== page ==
Lumbosacral Muscle Strain
Many people experience back pain after straining their back muscles through overuse or lifting heavy objects while in awkward positions. Other people suddenly feel back pain that comes on through no reason that they can think of. In most cases, these cases are acute and go away on their own, without physical therapy or any other treatments. In other cases, the pain lingers in the lower back and may even radiate down the leg. When people experience these types of chronic symptoms, they assume that the cause of their pain is due to the discs in their spine or some other type of arthritis. But in many cases, the muscles are involved in causing symptoms of low back pain and leg pain. Let's take a look at one of the most common causes of sciatic pain - Lumbosacral Muscle Strain.
Lumbosacral Muscle Strain: Strain is placed upon the lower back when unnecessary tension of placed on its supporting muscles. The muscles of the back are designed to do the weight-bearing work of the body, but the arms and legs are designed to do much of the heavy lifting. The area of the lower back is also known as the lumbosacral region. Factors that may cause lumbosacral problems include lack of exercise, poor posture, obesity, and a sedentary lifestyle. Common causes of lumbosacral strain include lower back trauma, twisting movements on stiff muscles, and poor lifting body mechanics.
Symptoms of lumboscaral muscle strain include:
- Stiffness in the lumbosacral region
- A dull, aching persistent pain
- The onset of pain after exercise or physical exertion that involves the low back
Several Muscles that move and rotate the leg, including the piriformis muscles, are located near or just above the sciatic nerve. Due to trauma, overuse, and injury, the muscles above the sciatic nerve may swell, pressing into it and causing pain and related neurologic dysfunction. Neurologic function symptoms related pressure being placed on the sciatic nerve include hypersensitivity, hot and cold sensations, tingling, numbness, weakened reflexes, and limitation in flexion and extension of the back.
When tightness and irritation of the lumbosacral muscles constricts the sciatic nerve, the resulting symptoms include a stabbing, burning pain accompanied by weakness and numbness along some of the sciatic pathway. The pain spreads through the lower back and may radiate into the buttock region. Movements that may aggravate this condition include twisting, bending, lifting, standing, and standing. In severe cases, movements of any kind may aggravate the condition. Sitting and resting may alleviate the symptoms.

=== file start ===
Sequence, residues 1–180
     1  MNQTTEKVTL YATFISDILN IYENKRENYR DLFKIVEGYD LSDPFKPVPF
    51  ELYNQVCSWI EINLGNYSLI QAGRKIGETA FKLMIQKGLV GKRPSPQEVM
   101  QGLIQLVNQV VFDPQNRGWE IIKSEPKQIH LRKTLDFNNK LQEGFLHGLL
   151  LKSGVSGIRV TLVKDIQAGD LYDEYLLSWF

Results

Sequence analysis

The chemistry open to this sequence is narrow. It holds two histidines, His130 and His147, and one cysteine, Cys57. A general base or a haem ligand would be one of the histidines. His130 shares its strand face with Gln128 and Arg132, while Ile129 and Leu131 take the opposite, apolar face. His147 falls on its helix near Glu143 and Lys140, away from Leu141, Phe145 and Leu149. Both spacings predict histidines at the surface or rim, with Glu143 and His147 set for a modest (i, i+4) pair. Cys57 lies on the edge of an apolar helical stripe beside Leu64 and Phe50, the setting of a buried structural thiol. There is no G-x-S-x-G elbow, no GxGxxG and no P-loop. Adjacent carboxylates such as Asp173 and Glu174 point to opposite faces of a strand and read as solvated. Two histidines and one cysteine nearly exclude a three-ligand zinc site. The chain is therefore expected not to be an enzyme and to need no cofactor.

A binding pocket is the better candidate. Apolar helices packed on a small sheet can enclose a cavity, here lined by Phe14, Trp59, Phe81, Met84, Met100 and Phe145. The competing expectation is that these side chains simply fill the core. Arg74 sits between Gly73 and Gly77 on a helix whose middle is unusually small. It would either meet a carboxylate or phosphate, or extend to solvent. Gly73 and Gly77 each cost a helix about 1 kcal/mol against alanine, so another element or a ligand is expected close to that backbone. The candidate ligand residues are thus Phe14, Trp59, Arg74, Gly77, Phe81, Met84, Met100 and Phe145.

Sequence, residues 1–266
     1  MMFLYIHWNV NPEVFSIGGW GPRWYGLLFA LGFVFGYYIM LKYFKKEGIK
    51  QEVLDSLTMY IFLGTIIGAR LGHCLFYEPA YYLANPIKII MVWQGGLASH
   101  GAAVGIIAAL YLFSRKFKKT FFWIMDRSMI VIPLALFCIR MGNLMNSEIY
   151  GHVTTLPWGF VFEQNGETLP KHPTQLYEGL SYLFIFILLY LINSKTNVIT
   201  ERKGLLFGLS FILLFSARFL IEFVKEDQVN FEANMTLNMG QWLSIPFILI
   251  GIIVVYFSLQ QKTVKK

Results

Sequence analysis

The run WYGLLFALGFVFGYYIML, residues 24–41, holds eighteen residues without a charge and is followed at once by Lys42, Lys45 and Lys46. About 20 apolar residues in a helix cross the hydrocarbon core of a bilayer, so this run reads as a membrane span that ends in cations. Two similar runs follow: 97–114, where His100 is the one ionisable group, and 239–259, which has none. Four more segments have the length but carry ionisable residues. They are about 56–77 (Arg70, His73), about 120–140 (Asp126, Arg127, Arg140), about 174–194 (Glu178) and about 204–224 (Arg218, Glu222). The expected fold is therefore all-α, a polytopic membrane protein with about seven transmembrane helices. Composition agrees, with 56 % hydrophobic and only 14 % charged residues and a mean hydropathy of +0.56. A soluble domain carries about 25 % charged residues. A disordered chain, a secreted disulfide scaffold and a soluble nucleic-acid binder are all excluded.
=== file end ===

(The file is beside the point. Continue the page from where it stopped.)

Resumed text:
The muscles have a rich blood supply and thus have a high capacity to heal themselves quickly, provided that you avoid the same movements and positions that aggravated the muscle in the first place. This condition should resolve on its own. If it doesn't, patients may require diagnostic testing, to determine the cause of the pain. A test to confirm lumbosacral muscle strain is the straight-leg-raising-test.
The straight-leg-raising-test, also known as the Straight Leg Raise, is a test to determine where the cause of a person's lower back pain originates. With this test, a person lies flat on their back, on a flat surface, such as the exam table or exam floor. One straight leg at a time is then raised off the floor between a 30 to 70 degree angle. If this maneuver causes pain, then it is assumed that the cause of pain is due to a herniated disc in the lumbar spine.
If the straight leg raise causes pain in the low back and not the leg, then the pain is likely caused by a lumbosacral muscle strain.
Usually with this test, the patient lies passively while the doctor lifts it to a 30-70 degree angle, while listening to patient feedback. Findings of pain elicited by this movement indicated the probability of an underlying herniated disc. Disc herniations that affect the sciatic nerve include the bottom two discs, including L4-L5, and L5-S1.
Ruptured Disc: A ruptured disc may be the cause of sciatica pain if doctors are able to rule out lumbosacral muscle strain. Due to poor posture, and muscular de-conditioning, the entire shape of the spine may change; putting added pressures on the intervertebral discs that they were not designed to manage. Continued pressure on the lumbar discs may wear out their outer membrane, causing its gelatinous nucleus to punch through this outer wall. This rupture of the disc may occur due to years of strain, or a violent event that causes its envelope to breach.